boss,
so only you know the way to communicate this).

As with all jobs, it comes down to communication. I've always felt a good
IT professional needs to cultivate both techincal skills AND people
skills.

So, it's up to you. Can you communicate in a way they can understand and
TRUST? If so, go for it. If you are not confident then I would not
suggest
you hold off.

________________________________
From: listbounce@xxxxxxxxxxxxxxxxx on behalf of Warren V Camp
Sent: Wed 7/25/2007 2:32 PM
To: Jason Thompson; Jax Lion
Cc: securityz@xxxxxxxxxxxxx;
security-basics@xxxxxxxxxxxxxxxxx
Subject: Re: Bank Exploit




This does not sound good. On the surface it appears that a "good" hacker
wants to tell the bank that he/she has see evidence of "bad" hackers on
their system and that the "good" hacker wants to sell consulting services
to
the bank. The "good" hacker could be in just as much trouble as the
"bad"
hackers.


---- Jax Lion <jv4l1n4@xxxxxxxxx> wrote:
So Jason - what happened to your collegue?

IMHO - I don't think option 2 is a good idea. Questions will come up
such as - how did you discover the vulnerability in the first place.
What were you doing... and it all goes downhill from there.

I don't agree with keeping quiet either...

Is there a medium where we can report the "accidental discoveries"
without risk of prosecution? Like a hot tip line with the FBI or
something.


On 7/25/07, Jason Thompson <securitux@xxxxxxxxx> wrote:
Risky... is this person a security professional?

This has happened to one of my colleagues before as well. There are
two solutions that are possible:

1) Do not reveal this or tell anyone about it. Leave it be. As there
is this heightened sense of urgency among banks to thwart potential
attackers the person could be in trouble with the bank for simply
discovering the issue. It really all depends on the person he or she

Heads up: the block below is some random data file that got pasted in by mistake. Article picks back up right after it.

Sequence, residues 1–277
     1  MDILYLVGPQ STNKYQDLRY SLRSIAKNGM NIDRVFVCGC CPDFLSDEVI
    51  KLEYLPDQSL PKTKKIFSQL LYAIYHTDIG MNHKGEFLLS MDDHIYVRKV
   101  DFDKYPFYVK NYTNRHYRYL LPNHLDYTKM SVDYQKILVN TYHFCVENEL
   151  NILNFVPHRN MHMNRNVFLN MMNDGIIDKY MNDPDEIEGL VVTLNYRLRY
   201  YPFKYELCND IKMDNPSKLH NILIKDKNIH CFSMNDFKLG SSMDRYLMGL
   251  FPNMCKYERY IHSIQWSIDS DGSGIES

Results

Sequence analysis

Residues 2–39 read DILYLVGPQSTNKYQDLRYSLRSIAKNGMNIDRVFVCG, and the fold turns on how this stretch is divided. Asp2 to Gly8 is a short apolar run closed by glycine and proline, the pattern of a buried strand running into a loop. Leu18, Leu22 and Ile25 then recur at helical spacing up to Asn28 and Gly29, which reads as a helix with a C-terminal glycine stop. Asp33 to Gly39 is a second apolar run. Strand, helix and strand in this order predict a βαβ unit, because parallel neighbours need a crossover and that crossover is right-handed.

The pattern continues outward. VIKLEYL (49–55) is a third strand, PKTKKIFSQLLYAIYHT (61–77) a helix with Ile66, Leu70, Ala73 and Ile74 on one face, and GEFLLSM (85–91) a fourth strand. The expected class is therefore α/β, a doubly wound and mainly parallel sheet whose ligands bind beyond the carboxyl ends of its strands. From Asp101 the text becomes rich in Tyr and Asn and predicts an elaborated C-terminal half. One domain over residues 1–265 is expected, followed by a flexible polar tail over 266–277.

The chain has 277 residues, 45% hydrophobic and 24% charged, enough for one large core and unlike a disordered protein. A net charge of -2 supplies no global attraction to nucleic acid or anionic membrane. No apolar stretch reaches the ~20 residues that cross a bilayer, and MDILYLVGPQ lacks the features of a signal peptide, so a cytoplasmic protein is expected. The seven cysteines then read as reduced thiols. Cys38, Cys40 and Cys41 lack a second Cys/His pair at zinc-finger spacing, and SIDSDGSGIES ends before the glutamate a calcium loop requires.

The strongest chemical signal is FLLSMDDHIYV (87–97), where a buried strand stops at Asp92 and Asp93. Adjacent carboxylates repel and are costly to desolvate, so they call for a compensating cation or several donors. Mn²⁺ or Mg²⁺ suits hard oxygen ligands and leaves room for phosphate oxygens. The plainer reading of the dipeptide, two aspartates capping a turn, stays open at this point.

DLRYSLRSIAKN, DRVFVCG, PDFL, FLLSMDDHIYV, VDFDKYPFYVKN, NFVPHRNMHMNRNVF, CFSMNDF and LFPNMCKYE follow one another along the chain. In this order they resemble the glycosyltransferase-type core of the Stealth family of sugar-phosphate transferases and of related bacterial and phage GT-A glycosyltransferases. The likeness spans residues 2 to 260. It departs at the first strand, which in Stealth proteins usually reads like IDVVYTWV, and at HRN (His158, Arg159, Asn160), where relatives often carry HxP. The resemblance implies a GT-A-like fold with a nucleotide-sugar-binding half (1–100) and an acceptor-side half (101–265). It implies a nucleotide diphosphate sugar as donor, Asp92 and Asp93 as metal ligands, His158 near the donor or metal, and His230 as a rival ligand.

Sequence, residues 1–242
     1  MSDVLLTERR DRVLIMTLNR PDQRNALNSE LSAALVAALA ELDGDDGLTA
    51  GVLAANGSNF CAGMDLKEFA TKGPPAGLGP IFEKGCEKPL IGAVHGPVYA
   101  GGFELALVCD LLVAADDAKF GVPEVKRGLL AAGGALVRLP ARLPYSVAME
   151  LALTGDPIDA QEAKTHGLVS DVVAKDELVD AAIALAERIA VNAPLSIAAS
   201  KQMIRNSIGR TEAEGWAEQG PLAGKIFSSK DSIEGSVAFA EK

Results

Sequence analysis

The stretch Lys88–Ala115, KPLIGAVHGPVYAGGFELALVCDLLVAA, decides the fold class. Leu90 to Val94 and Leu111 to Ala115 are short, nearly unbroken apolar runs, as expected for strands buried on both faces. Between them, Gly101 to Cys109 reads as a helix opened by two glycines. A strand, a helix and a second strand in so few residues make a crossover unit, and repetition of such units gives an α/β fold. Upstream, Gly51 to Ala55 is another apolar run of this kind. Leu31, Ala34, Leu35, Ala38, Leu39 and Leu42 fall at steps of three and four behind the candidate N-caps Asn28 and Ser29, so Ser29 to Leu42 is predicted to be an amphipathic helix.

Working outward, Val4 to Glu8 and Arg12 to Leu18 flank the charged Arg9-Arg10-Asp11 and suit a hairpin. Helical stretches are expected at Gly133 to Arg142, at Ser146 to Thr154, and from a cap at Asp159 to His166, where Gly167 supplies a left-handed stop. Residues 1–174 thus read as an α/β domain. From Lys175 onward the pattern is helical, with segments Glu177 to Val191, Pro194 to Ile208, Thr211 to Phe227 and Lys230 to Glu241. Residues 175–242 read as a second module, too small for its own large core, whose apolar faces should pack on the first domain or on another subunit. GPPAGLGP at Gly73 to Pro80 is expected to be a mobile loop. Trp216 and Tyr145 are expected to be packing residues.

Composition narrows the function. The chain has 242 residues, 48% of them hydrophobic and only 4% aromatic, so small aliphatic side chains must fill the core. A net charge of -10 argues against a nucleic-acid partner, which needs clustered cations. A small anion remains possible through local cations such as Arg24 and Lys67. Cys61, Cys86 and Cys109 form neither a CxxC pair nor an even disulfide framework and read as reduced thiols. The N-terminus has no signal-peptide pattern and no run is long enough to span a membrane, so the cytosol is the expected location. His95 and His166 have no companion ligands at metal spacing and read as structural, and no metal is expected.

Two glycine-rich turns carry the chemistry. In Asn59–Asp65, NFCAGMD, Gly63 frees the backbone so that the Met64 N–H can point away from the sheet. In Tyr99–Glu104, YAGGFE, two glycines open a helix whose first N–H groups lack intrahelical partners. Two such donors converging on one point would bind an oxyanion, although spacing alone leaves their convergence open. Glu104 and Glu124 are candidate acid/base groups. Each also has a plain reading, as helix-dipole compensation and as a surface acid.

deals with there. Not saying it would hold up in court, it likely
wouldn't, but anyone who has the ability to find exploits is generally
regarded in a dim light by those who are uneducated on the subject.

2) Notify the bank's incident response team / security staff, OFFER a
non-disclosure agreement to them saying that you will not disclose
this to anyone regardless of what actions the bank decides to take on
their vulnerability, and state that this was discovered by accident
and that he or she simply wants to notify them about the issue and IS
NOT seeking ANY SORT of compensation. If they are notified and it
follows with the statement 'I would be willing to help consult you on
the solution for a small compensation' it instantly becomes extortion
and this person will likely be thrown in jail.

I am not a lawyer by any means, I am simply speaking from past
experiences and what I have seen happen to those who did things the
right way and the wrong way.

Solution 2 is a lot easier if your friend's client works in
information security and holds federal clearances and security
designations. Real ones, not Cisco or something :)

-J

On 25 Jul 2007 13:34:29 -0000, securityz@xxxxxxxxxxxxx
<securityz@xxxxxxxxxxxxx> wrote:
Friend of mine (not me, really) is working with a client of his who
claims to have inadvertently discovered a few web exploits of several
financial institutions. Does anyone have any insights as to how this guy
could bring these to the attention of the organizations involved without
being seen as a hacker? His minimal goal is to help the institutions,
optimally he would like to consult to help them rectify the issues.


thx

Steve



--
Warren V. Camp, CPA, CISA, CDP